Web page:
case PublicKey pubkey -> ...
    case PrivateKey privkey -> ...


Decoding an Encrypted EC PrivateKey PEM:

ECPrivateKey eckey = new PEMDecoder().withDecryption(password).
    decode(pemData, ECPrivateKey.class);

Decoding with a specific Factory provider Decoder:

PEMDecoder d = new PEMDecoder().withFactory(providerF);
Certificate c = d.decode(pemData, Certificate.class);


A common use case with private keys is to encrypt the key before encoding to PEM or decrypt the key after decoding from PEM. However, this operation requires the PEM encoders be configured and it may require additional encryption parameters. To keep the PEM APIs simple, the EncryptedPrivateKeyInfo class was enhanced with additional methods that support these operations.

EncryptedPrivateKeyInfo {
     public static EncryptedPrivateKeyInfo encryptKey(PrivateKey key,
         char[] password) throws IOException;
     public static EncryptedPrivateKeyInfo encryptKey(PrivateKey key,
         char[] password, String pbeAlgo, AlgorithmParameterSpec aps,
         Provider p) throws IOException;
     public PrivateKey getKey(char[] password) throws IOException;
     public PrivateKey getKey(char[] password, Provider provider)
         throws IOException;

The new encryptKey() methods will encrypted the given PrivateKey with the given password. A String algorithm, a AlgorithmParameterSpec and a Provider are optional to not use the default encryption parameters. EncryptedPrivateKeyInfo can be given to PEMEncoder.encode() to create a PEM.

ekpi = EncryptedPrivateKeyInfo.encryptKey(privkey, password);
String pemData = new PEMEncoder().encode(epki);

getKey() is used for decrypting a initialized EncryptedPrivateKeyInfo, such as when PEMDecoder.decode() has returned an EncryptedPrivateKeyInfo. The methods will return a PrivateKey with a given password and optional JCE Provider.

EncryptedPrivateKeyInfo epki = new PEMDecoder().decode(pemData);
PrivateKey key = epki.getKey(password);

The default PBE algorithm used when encrypting a PrivateKey with PEMEncoder and EncryptedPrivateKeyInfo is stored in the file. The jdk.epkcs8.defaultAlgorithm security property defines the default algorithm to PBEWithHmacSHA256AndAES_128. There is no compatibility issue if the default algorithm is changed as Encrypted PKCS#8 encoding contains the algorithm and parameters necessary for decrypting.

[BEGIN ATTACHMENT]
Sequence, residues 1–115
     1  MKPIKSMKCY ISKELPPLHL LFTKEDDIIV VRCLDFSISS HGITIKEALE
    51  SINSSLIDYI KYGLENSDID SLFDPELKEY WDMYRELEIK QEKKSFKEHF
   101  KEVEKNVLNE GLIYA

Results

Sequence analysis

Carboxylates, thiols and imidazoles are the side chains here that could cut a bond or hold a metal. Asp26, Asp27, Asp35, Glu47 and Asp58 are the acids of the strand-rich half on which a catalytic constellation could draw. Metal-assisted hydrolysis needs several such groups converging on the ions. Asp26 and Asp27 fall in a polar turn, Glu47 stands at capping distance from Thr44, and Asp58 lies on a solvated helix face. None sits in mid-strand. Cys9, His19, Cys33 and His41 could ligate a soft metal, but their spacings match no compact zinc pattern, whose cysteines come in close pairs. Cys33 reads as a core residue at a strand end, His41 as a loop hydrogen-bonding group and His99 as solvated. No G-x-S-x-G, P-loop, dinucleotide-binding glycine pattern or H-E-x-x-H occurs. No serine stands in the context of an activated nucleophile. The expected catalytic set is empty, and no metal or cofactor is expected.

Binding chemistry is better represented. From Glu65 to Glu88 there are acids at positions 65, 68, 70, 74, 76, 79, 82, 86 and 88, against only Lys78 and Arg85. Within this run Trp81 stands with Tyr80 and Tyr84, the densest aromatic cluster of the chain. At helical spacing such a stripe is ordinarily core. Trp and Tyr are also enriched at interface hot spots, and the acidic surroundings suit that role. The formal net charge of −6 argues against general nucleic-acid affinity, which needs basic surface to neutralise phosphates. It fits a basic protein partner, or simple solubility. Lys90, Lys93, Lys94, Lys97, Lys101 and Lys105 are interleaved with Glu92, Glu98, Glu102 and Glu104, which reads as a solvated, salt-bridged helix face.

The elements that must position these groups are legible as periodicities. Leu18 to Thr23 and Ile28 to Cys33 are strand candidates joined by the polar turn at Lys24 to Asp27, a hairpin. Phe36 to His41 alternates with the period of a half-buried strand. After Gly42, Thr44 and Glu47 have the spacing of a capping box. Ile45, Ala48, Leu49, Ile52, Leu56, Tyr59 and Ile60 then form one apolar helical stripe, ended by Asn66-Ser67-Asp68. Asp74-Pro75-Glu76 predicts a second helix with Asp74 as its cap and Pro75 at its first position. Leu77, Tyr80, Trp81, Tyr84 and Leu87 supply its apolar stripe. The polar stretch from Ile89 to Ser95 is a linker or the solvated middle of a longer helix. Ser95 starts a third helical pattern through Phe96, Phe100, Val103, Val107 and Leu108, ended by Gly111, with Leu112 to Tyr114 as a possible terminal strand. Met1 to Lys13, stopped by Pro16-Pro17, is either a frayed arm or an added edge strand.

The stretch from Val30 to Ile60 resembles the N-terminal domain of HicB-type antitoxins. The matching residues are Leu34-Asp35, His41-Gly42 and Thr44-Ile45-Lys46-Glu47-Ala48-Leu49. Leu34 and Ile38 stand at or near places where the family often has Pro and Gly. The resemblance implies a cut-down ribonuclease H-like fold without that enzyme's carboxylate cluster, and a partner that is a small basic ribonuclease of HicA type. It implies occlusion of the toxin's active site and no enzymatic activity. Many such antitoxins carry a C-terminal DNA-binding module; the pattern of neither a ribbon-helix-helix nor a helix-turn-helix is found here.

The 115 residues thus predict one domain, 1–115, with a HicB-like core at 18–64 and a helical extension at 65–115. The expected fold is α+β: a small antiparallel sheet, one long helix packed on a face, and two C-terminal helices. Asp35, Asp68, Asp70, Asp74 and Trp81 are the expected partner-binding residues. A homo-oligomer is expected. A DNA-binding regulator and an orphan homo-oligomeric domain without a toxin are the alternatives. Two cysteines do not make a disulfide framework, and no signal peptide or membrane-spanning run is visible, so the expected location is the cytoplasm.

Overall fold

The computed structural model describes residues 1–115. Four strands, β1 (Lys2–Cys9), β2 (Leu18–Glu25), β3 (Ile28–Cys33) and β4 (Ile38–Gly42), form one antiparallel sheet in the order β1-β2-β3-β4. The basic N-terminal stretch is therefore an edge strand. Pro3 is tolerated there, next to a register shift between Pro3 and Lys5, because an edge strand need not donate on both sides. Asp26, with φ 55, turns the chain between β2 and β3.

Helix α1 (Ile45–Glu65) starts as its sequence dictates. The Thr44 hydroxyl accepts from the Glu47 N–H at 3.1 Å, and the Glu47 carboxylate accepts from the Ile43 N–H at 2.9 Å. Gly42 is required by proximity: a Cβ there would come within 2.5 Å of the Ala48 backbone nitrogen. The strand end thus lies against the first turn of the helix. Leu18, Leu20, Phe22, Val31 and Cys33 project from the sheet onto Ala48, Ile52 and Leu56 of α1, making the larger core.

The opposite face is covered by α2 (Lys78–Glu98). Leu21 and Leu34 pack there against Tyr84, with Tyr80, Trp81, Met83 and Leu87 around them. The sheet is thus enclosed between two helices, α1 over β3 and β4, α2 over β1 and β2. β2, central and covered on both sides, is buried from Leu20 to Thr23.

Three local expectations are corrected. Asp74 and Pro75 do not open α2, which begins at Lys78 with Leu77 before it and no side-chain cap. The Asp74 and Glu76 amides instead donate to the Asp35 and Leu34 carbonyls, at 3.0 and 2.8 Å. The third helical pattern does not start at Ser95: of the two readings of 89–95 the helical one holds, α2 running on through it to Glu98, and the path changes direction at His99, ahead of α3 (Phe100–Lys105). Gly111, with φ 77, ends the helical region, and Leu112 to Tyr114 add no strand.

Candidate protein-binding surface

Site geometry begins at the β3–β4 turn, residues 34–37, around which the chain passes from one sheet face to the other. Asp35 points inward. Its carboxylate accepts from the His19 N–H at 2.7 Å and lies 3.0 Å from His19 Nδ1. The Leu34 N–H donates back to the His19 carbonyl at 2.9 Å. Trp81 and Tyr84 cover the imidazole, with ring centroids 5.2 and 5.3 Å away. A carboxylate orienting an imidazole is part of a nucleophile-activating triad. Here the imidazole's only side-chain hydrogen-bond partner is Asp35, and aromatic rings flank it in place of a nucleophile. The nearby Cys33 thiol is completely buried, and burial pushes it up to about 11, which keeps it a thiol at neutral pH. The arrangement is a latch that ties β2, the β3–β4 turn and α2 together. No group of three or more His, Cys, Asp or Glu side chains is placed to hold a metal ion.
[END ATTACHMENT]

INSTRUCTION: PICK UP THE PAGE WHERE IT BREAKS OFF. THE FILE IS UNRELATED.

A PEM API is a bridge between Base64 and JCE security objects. How to layer that on top of a complex JCE with an easy to use design is important to creating the right API. Retrofitting existing APIs can be awkward when all the pieces don't fit in the right classes. Building a new API brings a clean slate, but still needs to work in the existing structure. Here are some of the designs explored:

Extending the EncodedKeySpec API

The EncodedKeySpec is used to encapsulate binary encoded key data for KeyFactories and other security classes which require the data type identification. Java provides two sub-classes, PKCS8EncodedKeySpec for PrivateKey and X509EncodedKeySpec for PublicKey. A new PEMEncodedKeySpec would type identify encapsulated PEM data, while providing encoding and decoding operations between PEM and the appropriate private or public key EncodedKeySpec. This new EncodedKeySpec could also be a new input for KeyFactories, simplifying the user experience.

This design had a few deficiencies. EncodedKeySpec was being misused as a translation class and was Key-centric. It can not support Certificates or CRLs. Also, KeyFactory's use EncodedKeySpec during public and private key generation. A new EncodedKeySpec added compatibility risks and ease of use issues with existing third-party providers.

Enhancing the CertificateFactory and KeyFactory APIs

Key and certificate factory classes are used to convert and generate their respective objects. CertifcateFactory already decodes PEM certificate and CRL data. Adding encoding to CertificateFactory and both to KeyFactory would be consistent with the existing design, but it complicates JCE providers. CertificateFactory makes the design look easy as there is one industry standard encoding for certificates. KeyFactory is much more complicated as keys encoding formats differ between algorithm and key type with different JCE providers supporting different asymmetric algorithms. PEM adds an extra layer of complexity if each provider is responsible for its conversion; as well as, handling encrypted private keys.

To avoid this provider complexity, another design idea was to add static PEM methods in KeyFactory, but this deviates from the CertificateFactory's pluggable design and creates different solutions between the two factories.

Single Class API for PEM

When considering a new API for PEM, a single class that could encode and decode PEM text was examined. Ultimately, the API lacked distinct lanes for encode and decode operations and was felt not to be as user-friendly.

Creating a new JCE API/SPI for Encodings

The Java Crypto Architecture (JCA) is built on a pluggable API/SPI that allows third party providers to enable cryptographic services not included in the JDK. Binary encodings have not been part of that infrastructure. Java JCE providers limit the binary encoding used to import and export keys. PEM is another option for both importing and exporting that could be a provider service. Defining a SPI for encoding and decoding encoding formats could be beneficial beyond PEM.

Unfortunately this alternative provides nothing beyond a lot of infrastructure to get a provider PEM instance with a more complicated API than java.util.Base64. Additional API/SPIs would be needed for encrypted private keys, extracting the key algorithm, and other details to use with a factory to generate a Key or Certificate object. These PEM-specific changes would eliminate any benefit of using the JCA. With third-party APIs existing for many years, a pluggable infrastructure offers nothing but making a simple task hard.


Tests should include:

Risks and Assumptions

There is no risk to existing applications because none of that is being removed.